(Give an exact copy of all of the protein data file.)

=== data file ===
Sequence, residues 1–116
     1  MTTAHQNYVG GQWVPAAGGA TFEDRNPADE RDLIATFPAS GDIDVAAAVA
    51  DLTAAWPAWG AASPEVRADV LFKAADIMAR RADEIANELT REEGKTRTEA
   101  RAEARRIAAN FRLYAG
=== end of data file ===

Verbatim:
Sequence, residues 1–116
     1  MTTAHQNYVG GQWVPAAGGA TFEDRNPADE RDLIATFPAS GDIDVAAAVA
    51  DLTAAWPAWG AASPEVRADV LFKAADIMAR RADEIANELT REEGKTRTEA
   101  RAEARRIAAN FRLYAG